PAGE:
|Here's the evidence. You can see our|
assigned seats highlighted in yellow
by the box office attendant.
You also may be surprised to learn that I do not have Netflix (nor Amazon Prime, nor Hulu, etc. - not even cable TV), so with the theaters shut down since last March, and the library prohibiting on-site browsing until a week or two ago, the last year has had its challenges for my movie viewing habit. This was somewhat alleviated by the following compromises:
- Netflix et al at a friend's house: A few of my friends and I came to an understanding early in the pandemic that we would trust each other's behavior enough to remain in each other's pods (thankfully, with perfect results, i.e. none of us got or transmitted COVID). And one of those couples has a bunch of streaming services and a generous heart. So, from time to time, we'd make a movie date and the four of us would cozy up in their living room to watch something special (among them: My Octopus Teacher).
- Borrowing from the library (in my case, Albany Public): This has always been a primary source for me, both to pick up on recent stuff that I'd somehow missed (often due to too-short local runs) and to fill in any of the many gaps in my viewing history. Once the library began to accommodate curbside pickup, I began to regularly request and then borrow whatever I could think of to ask for that they had available (trickier than browsing, as you have to know what to look for, but still quite useful).
- Hoopla: Another library service, this is a free streaming platform (well, free to use - I assume the library pays something for it) that has a very big selection of not always very desirable movies (from what I've heard, Kanopy is better, but Albany doesn't offer it). Through that, we haven't seen any current or recent hits, but in a pinch it proved to be a lifesaver, and we discovered some really cool stuff, especially documentaries (such as one about the thousands of rabbits that flourished in the no-man's-land between the two sides of the Berlin Wall).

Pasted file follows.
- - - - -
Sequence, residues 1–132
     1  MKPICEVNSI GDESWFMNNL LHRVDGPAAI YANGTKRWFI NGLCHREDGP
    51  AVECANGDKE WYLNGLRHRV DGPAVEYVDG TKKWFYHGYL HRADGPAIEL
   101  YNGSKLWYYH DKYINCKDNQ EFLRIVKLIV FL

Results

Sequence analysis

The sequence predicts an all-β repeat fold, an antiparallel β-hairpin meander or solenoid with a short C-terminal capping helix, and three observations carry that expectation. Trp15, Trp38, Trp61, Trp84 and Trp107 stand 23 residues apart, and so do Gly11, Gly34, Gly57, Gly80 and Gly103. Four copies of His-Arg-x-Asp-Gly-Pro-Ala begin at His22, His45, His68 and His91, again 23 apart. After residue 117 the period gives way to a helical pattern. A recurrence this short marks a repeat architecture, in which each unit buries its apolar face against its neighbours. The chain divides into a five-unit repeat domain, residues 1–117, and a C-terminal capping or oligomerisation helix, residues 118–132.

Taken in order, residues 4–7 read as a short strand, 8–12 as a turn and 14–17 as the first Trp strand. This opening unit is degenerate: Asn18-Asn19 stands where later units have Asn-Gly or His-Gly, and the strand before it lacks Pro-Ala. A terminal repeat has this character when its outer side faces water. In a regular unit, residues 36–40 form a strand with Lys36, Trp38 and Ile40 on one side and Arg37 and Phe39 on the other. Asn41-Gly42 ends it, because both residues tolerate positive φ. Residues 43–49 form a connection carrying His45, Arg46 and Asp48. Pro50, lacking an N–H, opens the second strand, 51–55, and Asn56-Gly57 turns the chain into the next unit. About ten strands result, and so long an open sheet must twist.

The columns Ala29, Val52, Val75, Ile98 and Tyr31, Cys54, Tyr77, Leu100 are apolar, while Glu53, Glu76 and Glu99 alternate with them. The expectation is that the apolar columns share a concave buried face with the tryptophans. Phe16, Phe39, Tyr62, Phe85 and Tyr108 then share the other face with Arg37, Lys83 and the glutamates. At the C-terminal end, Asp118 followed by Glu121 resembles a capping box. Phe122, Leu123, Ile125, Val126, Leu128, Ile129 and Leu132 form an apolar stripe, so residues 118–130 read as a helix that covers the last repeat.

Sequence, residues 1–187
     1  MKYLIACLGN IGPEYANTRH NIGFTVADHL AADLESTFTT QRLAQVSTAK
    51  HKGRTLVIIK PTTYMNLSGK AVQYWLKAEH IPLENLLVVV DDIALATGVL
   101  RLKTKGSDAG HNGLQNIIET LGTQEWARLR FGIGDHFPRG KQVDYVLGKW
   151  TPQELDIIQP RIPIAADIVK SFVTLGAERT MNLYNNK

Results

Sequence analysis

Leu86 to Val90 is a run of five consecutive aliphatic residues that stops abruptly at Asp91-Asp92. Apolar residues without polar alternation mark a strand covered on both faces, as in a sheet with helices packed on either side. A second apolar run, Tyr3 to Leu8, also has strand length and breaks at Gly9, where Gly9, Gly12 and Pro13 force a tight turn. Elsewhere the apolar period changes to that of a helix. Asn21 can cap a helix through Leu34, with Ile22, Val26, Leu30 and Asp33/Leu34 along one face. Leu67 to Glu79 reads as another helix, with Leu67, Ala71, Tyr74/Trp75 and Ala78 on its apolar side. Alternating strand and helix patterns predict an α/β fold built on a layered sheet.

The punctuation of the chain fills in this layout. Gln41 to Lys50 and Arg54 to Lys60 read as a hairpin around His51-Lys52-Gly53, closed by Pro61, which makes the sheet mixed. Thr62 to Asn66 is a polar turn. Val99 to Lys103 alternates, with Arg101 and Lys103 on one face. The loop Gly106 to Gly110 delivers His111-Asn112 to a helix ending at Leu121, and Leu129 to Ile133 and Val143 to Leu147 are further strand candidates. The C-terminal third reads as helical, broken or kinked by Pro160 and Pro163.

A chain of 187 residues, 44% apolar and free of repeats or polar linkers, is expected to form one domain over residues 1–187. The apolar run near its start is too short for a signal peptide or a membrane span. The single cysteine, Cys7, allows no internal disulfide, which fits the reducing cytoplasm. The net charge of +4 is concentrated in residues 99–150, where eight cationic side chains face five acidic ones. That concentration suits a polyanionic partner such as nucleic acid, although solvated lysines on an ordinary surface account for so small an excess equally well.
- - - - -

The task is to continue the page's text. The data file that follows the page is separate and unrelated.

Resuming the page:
- Pay-per-view streaming: Some films that probably would have come to the Spectrum had it been open were not available on any of the other services, and could only be seen by paying a fee. Considering that we would have gladly forked over a twenty to see the best of these in the theater, paying $12 to watch them at home was well worth it (that's the usual rate for good stuff, though some movies are cheaper, depending on the source). This was great, once we got it going, but there were a couple of hitches at first, due to our not being hooked up for streaming to begin with. The really tricky part was finding an adapter to connect my new-ish laptop to our 12-year-old unsmart TV - and then waiting several weeks for it to be delivered, back when global commerce was totally disrupted by the "Wuhan" virus. But it worked out pretty great in the end, highlighted by our viewing of my favorite movie of 2020, Martin Eden.
By the way, last night was the fourth time I've been to the actual movies since the pandemic re-openings began, and my recent experiences seeing two films at The Madison Theatre in Albany, and one at Criterion Cinemas in Saratoga Springs were very good - I will gladly return to either of them as needed.
But, now, we have our favorite Spectrum again, and I am stoked, both for the sheer pleasure of it and because it means it won't be long before I've seen enough of the best films of last year to be able to write my annual roundup - maybe even before they announce 2020's belated Oscar winners.
Note for the potentially nervous: At all three theaters I've attended, you get an assigned seat, there's plenty of distance between groups, and masks are required - so it's as safe as you're going to get in this world.